There was a time, lo these many years ago, of which I have long rhapsodized. A day when the Disney Channel played good movies from their own vaults instead of crap movies made six weeks ago. A time when the celebrities were people that someone over the age of fifteen still almost certainly new. A time of David Niven, Jodie Foster, David Niven, Helen Hayes, and David Niven. Plus another David Niven. Oh, how my sisters and I would look forward to the announcer telling us that we'd be seeing that list of people soon! We would forsake many other delights, and any Saturday night that promised us [i]Candleshoe[/i] was a Saturday night on which our viewing was set. It was a rare treat and a great pleasure--and nobody else seems at all familiar with the film, which is, to say the least, disheartening.
This was long ago, when Jodie Foster ran wild on the streets of Los Angeles. Yes--she'd already hustled on the streets of Manhattan. She'd already switched places with her mom on the streets of suburbia. She'd already had some 38 other credits--more, in fact, before than since. Jodie Foster was a busy child. At any rate, she is here Casey, or possibly Margaret St. Edmund, heiress to the British estate of Candleshoe. The unsavoury Harry Bundage (Leo McKern) has her taken off the streets and brought to London to take the place of the long-lost heiress, teaching her to play the part of a girl missing since she was four. The child had been abducted. Her father, who had abducted her, died in a car accident, and the girl was never found. And, naturally, many young heiresses have been brought forward ever since in order to get at the bounty of Candleshoe. Only, so far as most people know, there isn't any. Not anymore. Candleshoe is old, and there's not much money left. Except Harry's nutty cousin Grimsworthy (Vivian Pickles) discovered a clue to the legendary missing treasure of the family's old reprobate and black sheep, Lord Joshua St. Edmund. So they pick up Casey, who fits the description of the girl as near as anyone can, twelve years or so later, and haul her over. They slide her into Candleshoe neat as you please, and the treasure hunt is on.
The best acting in the film is that of Helen Hayes as old Lady St. Edmund. Lady St. Edmund's daughter has died, and she is left alone with her butler, Priory (David Niven, and we'll get to the other three of him anon), and the memory of the lost child. And when, as she believes, the lost child turns up, she can't help wanting to touch the girl, to brush her hand, to hug her. Oh, she's got four kids from a local orphanage to ease the pain, but they don't, not really; they're not her kids. She loves them. They love her. But I have little doubt that Candleshoe will not pass to them, and even if it would, it wouldn't be the same. None of them are the lost Margaret. Her friends have all died or moved away, and she can afford no servants, either. So Priory--I told you we'd get to do this--steps in. He is the butler, and he is the gardener they cannot afford, and he is the chauffeur they cannot afford, and he is the old India hand of the British Army who has moved into the area in time to keep an old woman company.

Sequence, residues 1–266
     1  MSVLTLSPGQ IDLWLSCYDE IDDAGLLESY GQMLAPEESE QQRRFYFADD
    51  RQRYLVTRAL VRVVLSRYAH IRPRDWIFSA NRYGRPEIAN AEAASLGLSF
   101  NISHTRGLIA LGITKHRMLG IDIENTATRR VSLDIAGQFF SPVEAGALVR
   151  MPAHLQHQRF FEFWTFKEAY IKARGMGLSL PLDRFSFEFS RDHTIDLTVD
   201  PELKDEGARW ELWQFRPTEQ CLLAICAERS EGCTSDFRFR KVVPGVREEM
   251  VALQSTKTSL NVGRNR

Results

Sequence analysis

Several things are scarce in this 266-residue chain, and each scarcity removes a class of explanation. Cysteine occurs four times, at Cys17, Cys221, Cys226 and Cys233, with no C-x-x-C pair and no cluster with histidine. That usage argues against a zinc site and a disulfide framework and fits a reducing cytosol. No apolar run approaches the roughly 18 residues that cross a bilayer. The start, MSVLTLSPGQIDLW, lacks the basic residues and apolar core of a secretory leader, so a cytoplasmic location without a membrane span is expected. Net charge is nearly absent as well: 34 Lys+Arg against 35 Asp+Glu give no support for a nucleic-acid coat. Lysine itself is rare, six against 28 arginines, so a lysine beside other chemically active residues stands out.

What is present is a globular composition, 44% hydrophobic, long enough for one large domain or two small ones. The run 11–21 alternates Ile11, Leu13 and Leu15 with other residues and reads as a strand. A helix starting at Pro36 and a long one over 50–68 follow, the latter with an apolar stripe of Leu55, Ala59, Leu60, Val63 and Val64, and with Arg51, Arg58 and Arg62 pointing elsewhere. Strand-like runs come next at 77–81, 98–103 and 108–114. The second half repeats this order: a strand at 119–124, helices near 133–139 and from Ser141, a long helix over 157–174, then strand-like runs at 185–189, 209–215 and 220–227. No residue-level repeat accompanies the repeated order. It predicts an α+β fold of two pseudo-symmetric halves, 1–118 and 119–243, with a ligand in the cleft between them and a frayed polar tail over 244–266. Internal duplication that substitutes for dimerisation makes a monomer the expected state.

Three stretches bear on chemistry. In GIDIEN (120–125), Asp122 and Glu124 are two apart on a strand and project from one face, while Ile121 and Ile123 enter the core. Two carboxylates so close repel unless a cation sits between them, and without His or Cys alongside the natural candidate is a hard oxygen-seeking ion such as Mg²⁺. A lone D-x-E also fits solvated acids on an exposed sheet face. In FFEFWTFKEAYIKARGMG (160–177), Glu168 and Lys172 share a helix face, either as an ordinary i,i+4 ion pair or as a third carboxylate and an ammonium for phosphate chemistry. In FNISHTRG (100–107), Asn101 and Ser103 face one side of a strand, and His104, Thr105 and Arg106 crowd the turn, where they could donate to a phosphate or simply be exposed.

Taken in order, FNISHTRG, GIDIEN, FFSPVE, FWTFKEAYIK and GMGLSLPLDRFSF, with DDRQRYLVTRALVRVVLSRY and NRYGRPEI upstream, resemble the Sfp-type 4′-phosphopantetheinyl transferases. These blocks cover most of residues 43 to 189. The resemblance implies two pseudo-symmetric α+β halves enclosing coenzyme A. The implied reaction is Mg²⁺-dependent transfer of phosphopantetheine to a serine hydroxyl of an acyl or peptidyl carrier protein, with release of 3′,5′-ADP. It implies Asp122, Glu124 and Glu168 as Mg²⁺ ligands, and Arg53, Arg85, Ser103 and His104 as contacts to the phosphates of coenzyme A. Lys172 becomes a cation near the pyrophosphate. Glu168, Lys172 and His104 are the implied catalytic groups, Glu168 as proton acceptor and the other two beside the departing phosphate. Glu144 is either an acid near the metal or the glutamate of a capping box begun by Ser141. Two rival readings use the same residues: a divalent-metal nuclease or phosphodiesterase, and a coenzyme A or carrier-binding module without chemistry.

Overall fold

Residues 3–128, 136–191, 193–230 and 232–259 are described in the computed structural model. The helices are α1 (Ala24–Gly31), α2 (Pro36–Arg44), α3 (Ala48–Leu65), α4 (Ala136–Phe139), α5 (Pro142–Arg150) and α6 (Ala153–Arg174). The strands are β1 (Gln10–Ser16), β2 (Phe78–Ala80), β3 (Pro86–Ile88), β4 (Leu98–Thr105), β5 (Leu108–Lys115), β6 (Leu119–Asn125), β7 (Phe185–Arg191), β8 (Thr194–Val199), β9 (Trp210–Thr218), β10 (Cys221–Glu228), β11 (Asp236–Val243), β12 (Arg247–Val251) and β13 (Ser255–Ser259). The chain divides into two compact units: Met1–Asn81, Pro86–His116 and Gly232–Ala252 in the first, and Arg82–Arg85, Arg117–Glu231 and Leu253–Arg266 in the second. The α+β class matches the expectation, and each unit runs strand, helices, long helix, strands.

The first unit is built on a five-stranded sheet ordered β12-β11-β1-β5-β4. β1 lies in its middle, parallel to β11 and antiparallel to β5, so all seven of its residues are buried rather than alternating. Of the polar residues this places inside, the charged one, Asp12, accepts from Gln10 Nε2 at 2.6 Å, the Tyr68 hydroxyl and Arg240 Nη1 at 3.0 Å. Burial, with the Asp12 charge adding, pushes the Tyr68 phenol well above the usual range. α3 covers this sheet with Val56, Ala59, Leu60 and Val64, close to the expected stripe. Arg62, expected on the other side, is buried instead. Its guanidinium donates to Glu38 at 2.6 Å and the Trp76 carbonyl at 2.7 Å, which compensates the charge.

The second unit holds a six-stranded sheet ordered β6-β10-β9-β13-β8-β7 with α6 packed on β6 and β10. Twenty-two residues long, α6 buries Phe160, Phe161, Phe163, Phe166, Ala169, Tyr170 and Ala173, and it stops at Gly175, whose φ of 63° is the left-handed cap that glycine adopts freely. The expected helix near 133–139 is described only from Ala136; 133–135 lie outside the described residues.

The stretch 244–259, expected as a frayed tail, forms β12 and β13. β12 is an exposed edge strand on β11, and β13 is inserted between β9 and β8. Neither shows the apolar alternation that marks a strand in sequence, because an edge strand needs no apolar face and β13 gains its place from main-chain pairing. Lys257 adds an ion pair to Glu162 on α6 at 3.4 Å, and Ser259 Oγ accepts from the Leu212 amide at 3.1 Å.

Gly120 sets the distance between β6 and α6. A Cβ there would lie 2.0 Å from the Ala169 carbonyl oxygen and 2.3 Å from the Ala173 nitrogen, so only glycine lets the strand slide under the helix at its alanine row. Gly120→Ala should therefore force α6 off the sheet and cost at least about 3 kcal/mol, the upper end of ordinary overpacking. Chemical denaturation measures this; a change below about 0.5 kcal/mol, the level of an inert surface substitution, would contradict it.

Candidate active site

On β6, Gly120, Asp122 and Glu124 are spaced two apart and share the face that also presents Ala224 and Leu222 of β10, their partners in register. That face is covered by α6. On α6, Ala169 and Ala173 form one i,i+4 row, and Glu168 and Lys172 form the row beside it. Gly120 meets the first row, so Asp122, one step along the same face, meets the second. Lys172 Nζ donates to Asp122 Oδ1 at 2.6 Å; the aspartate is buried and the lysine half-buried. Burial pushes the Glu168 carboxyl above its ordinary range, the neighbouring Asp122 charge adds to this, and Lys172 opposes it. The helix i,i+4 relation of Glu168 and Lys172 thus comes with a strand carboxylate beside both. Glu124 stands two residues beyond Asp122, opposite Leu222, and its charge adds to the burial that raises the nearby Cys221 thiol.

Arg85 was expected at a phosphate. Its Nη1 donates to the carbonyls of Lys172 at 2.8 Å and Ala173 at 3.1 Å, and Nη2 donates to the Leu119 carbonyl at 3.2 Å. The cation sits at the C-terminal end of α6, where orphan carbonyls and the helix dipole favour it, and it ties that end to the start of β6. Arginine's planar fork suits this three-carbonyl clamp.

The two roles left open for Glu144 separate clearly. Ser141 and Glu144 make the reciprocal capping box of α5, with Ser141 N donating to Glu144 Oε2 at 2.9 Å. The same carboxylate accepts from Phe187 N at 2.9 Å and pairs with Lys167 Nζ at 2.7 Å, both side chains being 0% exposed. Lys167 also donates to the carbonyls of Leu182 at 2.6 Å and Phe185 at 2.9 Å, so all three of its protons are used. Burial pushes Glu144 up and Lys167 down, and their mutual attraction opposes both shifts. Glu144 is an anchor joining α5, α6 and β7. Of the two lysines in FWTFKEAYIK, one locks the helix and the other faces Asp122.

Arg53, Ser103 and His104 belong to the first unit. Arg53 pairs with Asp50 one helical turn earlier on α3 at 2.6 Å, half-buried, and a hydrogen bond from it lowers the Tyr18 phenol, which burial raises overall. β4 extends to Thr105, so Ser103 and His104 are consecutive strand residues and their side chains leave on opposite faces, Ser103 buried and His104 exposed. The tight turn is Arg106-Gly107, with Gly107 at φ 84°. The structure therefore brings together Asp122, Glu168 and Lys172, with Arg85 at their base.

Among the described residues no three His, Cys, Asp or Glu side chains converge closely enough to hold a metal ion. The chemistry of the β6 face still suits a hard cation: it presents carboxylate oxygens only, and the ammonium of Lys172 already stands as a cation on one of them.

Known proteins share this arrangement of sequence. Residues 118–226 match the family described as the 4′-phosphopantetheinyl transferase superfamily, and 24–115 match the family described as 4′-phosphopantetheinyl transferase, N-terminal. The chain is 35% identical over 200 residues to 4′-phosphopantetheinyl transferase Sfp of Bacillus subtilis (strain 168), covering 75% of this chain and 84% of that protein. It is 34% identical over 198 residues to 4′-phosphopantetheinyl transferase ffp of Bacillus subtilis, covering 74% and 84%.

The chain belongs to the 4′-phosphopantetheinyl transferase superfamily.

I will not, of course, get into the Valuable Lessons learned. I don't have to; you can see them all coming a mile off. The question is, [i]is[/i] Casey really Margaret? And the answer is, probably. However, there is no certainty in it to this movie. We don't even know how much the treasure really comes to. We don't know what life the orphans will have as they reach majority, though I suspect there will be room for Peter (Ian Sharrock), at least, in Casey's life. (Even though she'd already garnered an Oscar nod for playing a prostitute, Disney didn't let her kiss the boy.) And Casey has begun to genuinely love the others, though I think it will do Cluny (Veronica Quilligan) some good to learn how to ask instead of assuming. But, while I think it is certain that Casey will end by inheriting Candleshoe, we don't know anything else of the future.
I know. You didn't think Disney was like that. And that may be why this particularly Disney film is less-well known than the year before's [i]Freaky Friday[/i]. Jodie Foster wasn't playing cute, here. Could Casey have lasted in the system and on the streets? I think so, yes. I'm just not sure she could last with Lady St. Edmund if she hadn't begun to change herself already.